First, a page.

How? By the fruit we bear—love, joy, peace, kindness, etc. (See Galatians 5:22-23.) Also, by our deeds. James states in verse 17: “in the same way, faith by itself, if it is not accompanied by action, is dead.” We cannot just say I believe in God, therefore I must be saved. Just like James 2:19 declares: “You believe that there is one God. Good! Even the demons believe that—and shudder.”
Right actions are the natural by-product of true faith.
A genuine Christian will have a changed life. James asks the question in verse 14, “What good is it, my brothers and sisters, if someone claims to have faith but has no deeds? Can such faith save them?”
James is not talking about eternal life here, he is basically asking what good is it if you have faith, but no one knows about it?! True faith involves a commitment of your whole self to God.
One day we will stand before the judgment seat of Christ, although we will have the wonderful gift of eternal life, the issue that day will be what you did in this life with the gifts, talents, and abilities God gave you. Essentially James is saying what good is it if you had faith, yet didn’t live it out for God? Faith without good deeds doesn’t do anybody any good, it is respectfully useless. Faith alone in Christ gets you into Heaven. Your works are your outward expression of your devotion to Christ.
A long time ago, before I had children, I worked for World Vision Canada. If you’re not familiar with this organization, they exist primarily for those in third-world countries through child sponsorship. I would get many calls from people who would ask me if we were handing out Bibles, or praying with the people, or telling these people that they needed Jesus. My response was always that it’s hard to tell someone that Jesus loves them while holding their starving children. Matthew 10:42 (TLB) says: “And if, as my representatives, you give even a cup of cold water to a little child, you will surely be rewarded.” James says the same thing in verse 16. When we stand before Christ in Heaven, and He asks us how we have helped those who were in need, it is not going to be a satisfactory answer to say, “well, I had faith that God would help them. I believed that God would take care of their needs.” I am pretty sure Jesus will say, “you should have helped them. You should have met their needs.” We need works. We need faith.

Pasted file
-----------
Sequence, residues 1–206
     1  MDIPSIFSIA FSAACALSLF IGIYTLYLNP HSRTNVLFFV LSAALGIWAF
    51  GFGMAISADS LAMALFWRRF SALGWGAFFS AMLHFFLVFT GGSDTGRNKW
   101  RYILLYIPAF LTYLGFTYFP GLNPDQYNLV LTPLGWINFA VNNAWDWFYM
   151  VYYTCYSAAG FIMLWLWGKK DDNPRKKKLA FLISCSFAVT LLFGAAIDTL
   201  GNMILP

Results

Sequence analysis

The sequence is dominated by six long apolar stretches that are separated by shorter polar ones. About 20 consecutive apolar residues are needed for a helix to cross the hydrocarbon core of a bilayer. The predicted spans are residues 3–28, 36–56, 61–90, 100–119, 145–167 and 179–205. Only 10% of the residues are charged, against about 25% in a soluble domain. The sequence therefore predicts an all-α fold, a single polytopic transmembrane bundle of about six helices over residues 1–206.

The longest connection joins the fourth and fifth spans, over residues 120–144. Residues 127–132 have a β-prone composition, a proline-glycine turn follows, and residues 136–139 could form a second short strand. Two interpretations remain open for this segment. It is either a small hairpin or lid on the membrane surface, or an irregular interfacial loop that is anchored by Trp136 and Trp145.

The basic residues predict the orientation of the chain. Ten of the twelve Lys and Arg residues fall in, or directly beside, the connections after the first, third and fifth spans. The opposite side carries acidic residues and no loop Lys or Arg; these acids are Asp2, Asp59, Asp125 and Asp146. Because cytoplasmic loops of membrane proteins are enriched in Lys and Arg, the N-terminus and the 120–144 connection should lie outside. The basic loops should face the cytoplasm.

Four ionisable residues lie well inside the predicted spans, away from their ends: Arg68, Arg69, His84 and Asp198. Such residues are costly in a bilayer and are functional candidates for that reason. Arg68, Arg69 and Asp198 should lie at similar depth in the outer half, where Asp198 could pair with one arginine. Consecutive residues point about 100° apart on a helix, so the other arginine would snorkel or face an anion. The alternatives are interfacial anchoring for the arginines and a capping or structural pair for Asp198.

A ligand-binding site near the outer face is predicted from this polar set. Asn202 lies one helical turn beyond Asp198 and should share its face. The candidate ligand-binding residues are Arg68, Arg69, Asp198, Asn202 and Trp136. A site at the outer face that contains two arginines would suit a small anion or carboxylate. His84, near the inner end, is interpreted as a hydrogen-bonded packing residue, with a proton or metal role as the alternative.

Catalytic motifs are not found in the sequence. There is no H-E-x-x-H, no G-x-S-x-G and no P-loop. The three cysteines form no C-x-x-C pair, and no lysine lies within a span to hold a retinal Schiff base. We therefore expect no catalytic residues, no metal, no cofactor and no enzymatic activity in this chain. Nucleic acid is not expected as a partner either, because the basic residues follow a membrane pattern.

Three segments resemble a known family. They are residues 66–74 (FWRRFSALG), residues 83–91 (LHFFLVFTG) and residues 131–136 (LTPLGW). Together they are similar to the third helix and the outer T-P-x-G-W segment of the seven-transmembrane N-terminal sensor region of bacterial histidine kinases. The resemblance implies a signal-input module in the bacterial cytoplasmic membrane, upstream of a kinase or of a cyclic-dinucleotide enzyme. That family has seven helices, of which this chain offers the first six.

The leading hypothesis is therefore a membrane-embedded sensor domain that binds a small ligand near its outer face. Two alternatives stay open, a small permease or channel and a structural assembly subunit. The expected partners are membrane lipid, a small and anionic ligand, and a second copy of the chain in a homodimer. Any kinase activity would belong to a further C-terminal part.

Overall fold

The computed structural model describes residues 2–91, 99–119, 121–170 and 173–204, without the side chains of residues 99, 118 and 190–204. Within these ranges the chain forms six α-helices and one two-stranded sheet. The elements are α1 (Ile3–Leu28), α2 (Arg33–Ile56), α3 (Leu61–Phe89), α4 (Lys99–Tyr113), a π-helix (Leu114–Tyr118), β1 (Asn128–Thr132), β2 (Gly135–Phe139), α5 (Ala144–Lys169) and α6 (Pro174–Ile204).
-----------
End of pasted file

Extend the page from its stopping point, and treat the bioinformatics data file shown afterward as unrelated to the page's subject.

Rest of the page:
Good works don’t help us keep eternal life, nor do they prove we have eternal life. However, they do help us be more like Jesus; to show love and compassion to others, to give like He would. They help us have better community with other Christians and they do help our faith mature and grow as God wants it to. And in the words of James in verse 26: “As the body without the spirit is dead, so faith without deeds is dead.” I know for myself, I want to hear my Savior say: “Well done, good and faithful servant!” (Matthew 25:21).
As owners of our faith, God calls us to live differently. We are to look to Him first, then others, then ourselves. How does that look for you today? Who do you need to show love and mercy to? Who needs you to step in and help them? God looks to the church to help the poor, the widows, and those in need. Where do you need to start making changes? I pray that God would open our eyes to see others like He sees them, that we would love deeply, show mercy, and seek to serve Him in a way we haven’t before!
- List the reasons why showing favoritism is a sin and displeases God? Where are you showing favoritism?
- Did your own shame ever make you feel that you were not good enough for church or for God? Explain.
- Mercy means to show compassion or forgiveness toward someone whom it is within one’s power to punish. Explain a time when you were given mercy. How did it affect your life?
- True faith always results in good deeds. We are still saved by grace, but active obedience shows that our faith is true. How does this motivate you to live out your faith?